Nevertheless, we need to acknowledge that the context for our music is changing again and that perhaps, as a tradition operating in the margins for over a century, new music is now in a position to claim or reclaim territory as a vital, important part of society. There are new opportunities for diffusing our music but the “earbud” representation is metaphoric – there is still a place and need for outdoor, cathedral, concert hall and large gatherings and a place for individuals to connect on a physical level. What is important is that we, as a field, acknowledge the new context within which we work and engage in dialogue with it.
Adapted from a paper delivered on November 27, 2007 as part of the International Society for Contemporary Music’s “World Music Days” in Hong Kong. No part of this paper may be cited without express permission of the author.
© Peter Hatch 2007
1. Marcia Citron, in her Gender and the Musical Canon, comments:
[I]t is not difficult to see how the decisions of a relatively small group of individuals - anthologizers, textbook authors, and the publishers with whom they work - can shape the behavior and tastes of a large population of listeners, performers, composers, and scholars. (Citron, p. 25)
She might have added “future teachers and purchasers and perpetuators of anthologies”.
2. The pluralistic state of new music was first predicted by Leonard Meyer in his 1967 book ‘Music, the Arts and Ideas’ in which he envisaged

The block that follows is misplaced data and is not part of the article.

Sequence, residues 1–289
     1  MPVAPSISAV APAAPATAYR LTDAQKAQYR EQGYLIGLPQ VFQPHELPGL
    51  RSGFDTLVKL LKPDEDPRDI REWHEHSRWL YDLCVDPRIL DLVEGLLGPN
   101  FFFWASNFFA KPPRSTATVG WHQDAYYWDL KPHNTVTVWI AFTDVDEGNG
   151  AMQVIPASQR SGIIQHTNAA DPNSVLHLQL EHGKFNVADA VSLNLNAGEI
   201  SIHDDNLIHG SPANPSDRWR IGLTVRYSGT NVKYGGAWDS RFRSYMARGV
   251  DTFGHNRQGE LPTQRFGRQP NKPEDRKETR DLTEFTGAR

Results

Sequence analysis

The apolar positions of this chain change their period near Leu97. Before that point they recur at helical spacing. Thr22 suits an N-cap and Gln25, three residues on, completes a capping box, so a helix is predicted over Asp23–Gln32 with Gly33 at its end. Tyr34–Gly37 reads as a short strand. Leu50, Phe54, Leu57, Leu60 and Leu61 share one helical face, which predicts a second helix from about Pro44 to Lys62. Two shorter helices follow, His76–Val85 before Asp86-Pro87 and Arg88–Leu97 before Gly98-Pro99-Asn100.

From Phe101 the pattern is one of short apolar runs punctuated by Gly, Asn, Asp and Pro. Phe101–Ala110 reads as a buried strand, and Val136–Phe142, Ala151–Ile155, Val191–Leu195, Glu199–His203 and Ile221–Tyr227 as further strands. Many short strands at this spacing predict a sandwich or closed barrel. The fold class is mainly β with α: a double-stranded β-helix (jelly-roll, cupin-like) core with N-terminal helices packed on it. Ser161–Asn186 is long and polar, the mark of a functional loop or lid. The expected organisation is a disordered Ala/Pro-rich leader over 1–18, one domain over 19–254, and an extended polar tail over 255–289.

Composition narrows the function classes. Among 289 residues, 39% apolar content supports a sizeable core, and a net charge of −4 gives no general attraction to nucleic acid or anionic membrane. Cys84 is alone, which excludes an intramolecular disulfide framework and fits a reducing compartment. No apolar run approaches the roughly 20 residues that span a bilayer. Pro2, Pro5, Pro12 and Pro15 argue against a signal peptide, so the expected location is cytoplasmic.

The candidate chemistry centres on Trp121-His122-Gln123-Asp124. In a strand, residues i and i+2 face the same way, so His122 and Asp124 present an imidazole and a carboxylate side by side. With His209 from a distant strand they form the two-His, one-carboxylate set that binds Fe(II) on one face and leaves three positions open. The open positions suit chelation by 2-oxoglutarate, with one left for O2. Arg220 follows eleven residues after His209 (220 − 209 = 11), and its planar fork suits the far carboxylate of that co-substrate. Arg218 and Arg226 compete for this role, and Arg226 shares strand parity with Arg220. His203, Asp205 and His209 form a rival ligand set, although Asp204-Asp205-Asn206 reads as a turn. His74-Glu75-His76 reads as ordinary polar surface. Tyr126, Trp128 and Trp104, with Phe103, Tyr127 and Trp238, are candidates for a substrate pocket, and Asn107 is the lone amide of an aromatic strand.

the persistence over a long period of time of a fluctuating stasis - a steady state in which an indefinite number of styles and idioms, techniques and movements, will coexist in each of the arts. Interaction and accommodation among different traditions may from time to time produce hybrid combinations or composites, but the possibility of radical innovation seems very remote. However, the abrupt juxtaposition of markedly unlike styles - perhaps from different epochs and traditions - within a single work, may be common. (Meyer, p.172)
Meyer’s prophecies are being played out at new music events everywhere. Hybrid combinations or composites within programmes and compositions are now common and produce some of the most interesting work going on in our field. The recent phenomena of mp3 downloading and iPod listening has also mainstreamed this idea - we live in an era of ‘shuffle play’.
3. Created with the Internet Tunes Signature Maker:
4. Norman Lebrecht traces the decline of classical music to its development as commodity through the late 19th and 20th centuries. He comments, “An art that once paid its own way had, through ambition and greed, fallen upon the charity of politicians and businessmen. This dependency culture, created by the avarice of millionaire conductors, singers and their agents, reached a point where it was no longer sustainable by public and corporate funds. In the final years of the twentieth century, orchestras and opera houses that upheld the traditions of Bach and Beethoven were facing a daily threat of foreclosure.” (Lebrecht, When the Music Stopped)
5. Greg Sandow points to approaches and attitudes towards music rooted (and “stuck”) in the 19thc, producing work which is out of sync with today’s society. Amongst other things, he suggests the need for reintegration of new music into the classical music world as a way of reinvigorating it.
Anderson, Chris The Long Tail
Citron, Marcia Gender and the Musical Canon
Kyle Gann blog:
Lebrecht, Norman When the Music Stopped
Ross, Alexander The Rest is Noise
Sandow, Greg blog: “The Future of Classical Music?” at
Schafer, Murray Voices of Tyranny, Temples of Silence
Small, Christopher Musicking